My rating: 2 of 5 stars
This is a needlessly big book and it’s filled with visual imagery that so realistically conveys the grimness of life and its grossest aspects that you just want to go kill yourself or hide under a rock.
The day I got to the point in the novel where the graphic intensity reached levels that both bored me and turned me off, I received a pep talk from Jonathan Lethem in my NaNoWriMo mailbox (National Novel Writing Month), to wit:
“The comings and goings, loosening and tightening of faucets, shittings and pissings and nose-blowings of everyday circumstances. Keep them at the periphery, in the subliminal range, unless you really want to try to make something of them, and then you’d better make it good. I’m trying to tell you to ignore transitions. Skip to the good stuff.”
Although MacBride is a good writer who has a great command of the language, he could’ve used this advice. By the time I read the pep talk, when I was about halfway through the novel, I was skipping entire pages, including repetitious reflections filled with guilt and dumb-ass thinking.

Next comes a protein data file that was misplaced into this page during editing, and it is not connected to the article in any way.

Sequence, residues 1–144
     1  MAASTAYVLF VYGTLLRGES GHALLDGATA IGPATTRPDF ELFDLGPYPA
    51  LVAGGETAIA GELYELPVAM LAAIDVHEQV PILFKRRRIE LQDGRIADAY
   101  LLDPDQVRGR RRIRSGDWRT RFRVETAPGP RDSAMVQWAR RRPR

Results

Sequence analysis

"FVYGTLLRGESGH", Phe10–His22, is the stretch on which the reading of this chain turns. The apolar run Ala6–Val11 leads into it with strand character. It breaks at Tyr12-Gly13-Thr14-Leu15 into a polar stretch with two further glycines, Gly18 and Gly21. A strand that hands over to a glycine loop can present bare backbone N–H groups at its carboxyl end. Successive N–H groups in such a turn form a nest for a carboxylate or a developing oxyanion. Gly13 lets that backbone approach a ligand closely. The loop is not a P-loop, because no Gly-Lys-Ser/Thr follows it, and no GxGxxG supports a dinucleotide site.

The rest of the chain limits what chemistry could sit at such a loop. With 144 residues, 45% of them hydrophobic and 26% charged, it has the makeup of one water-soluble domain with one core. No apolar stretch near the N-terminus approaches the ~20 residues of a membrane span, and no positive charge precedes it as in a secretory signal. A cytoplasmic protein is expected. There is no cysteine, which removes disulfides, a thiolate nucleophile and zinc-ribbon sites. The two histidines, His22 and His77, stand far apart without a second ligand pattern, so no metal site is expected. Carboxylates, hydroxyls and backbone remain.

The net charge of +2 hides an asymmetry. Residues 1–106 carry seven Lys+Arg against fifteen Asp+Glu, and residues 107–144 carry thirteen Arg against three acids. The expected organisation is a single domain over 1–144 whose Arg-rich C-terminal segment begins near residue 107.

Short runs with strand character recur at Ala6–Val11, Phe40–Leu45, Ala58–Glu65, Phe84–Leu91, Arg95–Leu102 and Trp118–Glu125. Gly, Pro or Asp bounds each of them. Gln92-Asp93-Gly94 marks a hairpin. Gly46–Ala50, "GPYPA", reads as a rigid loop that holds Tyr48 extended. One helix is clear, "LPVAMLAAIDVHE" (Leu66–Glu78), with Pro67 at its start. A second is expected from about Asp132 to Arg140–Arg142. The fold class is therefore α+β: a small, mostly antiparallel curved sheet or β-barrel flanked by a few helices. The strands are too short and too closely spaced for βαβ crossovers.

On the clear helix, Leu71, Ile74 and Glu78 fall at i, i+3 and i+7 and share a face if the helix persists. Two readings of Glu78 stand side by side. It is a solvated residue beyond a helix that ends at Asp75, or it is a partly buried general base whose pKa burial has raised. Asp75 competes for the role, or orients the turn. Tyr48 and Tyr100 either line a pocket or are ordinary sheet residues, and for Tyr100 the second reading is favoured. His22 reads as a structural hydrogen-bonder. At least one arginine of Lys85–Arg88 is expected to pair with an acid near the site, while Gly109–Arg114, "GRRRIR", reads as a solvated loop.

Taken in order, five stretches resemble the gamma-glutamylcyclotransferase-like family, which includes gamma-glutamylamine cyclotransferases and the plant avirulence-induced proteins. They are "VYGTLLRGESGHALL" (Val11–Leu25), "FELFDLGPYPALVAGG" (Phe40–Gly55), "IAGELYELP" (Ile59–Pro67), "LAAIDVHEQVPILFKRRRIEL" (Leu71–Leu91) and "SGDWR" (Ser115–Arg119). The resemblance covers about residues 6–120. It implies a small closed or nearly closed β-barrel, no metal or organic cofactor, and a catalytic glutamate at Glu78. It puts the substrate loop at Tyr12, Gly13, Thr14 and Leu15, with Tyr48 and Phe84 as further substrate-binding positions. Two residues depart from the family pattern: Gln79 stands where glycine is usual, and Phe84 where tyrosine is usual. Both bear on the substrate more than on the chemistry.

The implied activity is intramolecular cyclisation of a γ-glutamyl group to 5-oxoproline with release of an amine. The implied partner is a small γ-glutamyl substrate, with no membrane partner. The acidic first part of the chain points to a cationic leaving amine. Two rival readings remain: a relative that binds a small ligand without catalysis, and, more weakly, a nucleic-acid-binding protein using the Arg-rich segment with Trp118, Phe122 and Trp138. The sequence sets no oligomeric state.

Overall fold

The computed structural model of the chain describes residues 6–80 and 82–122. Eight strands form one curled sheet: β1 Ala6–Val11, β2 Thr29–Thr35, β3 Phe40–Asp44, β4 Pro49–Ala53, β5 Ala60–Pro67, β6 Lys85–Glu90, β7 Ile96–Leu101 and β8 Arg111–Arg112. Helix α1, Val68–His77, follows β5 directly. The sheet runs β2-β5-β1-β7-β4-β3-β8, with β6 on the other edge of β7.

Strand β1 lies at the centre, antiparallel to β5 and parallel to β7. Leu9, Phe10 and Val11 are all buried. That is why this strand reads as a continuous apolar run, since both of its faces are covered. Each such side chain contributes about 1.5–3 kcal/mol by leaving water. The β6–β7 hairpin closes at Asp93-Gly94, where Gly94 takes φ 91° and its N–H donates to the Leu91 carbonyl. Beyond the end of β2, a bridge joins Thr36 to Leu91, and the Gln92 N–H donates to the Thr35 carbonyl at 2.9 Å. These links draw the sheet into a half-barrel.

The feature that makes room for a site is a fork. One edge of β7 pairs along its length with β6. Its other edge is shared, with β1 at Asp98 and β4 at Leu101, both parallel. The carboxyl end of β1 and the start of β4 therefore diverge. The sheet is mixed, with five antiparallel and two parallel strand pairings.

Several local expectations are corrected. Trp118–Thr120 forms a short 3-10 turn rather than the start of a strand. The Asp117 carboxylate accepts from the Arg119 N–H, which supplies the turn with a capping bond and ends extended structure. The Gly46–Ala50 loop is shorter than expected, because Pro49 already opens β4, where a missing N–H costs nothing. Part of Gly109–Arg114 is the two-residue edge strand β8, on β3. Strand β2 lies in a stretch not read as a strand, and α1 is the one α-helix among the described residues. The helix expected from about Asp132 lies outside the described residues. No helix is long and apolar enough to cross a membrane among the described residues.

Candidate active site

But the thing that really got to me, that changed my mind from “liked it” to “it was OK” was when Logan suddenly became stupendously stupid, just so as to fill more pages and keep the plot going a little longer. I thought: really? A detective can’t put two and two together when it’s given to him one right after the other? Really??? I’m supposed to think he’s a good detective when he’s that oblivious? Uh, no. Aside from that, the unrelenting grimness is not something I want to read. I set aside the book for a few days, just to recover. But though I finished it, I didn’t care about whodunnit. I almost always care! But this book wore me out that much.
In the end, I learnt a lesson as a writer. As Lethem put it so well: “Write like you’d read—and notice how much you customarily skip as you read.”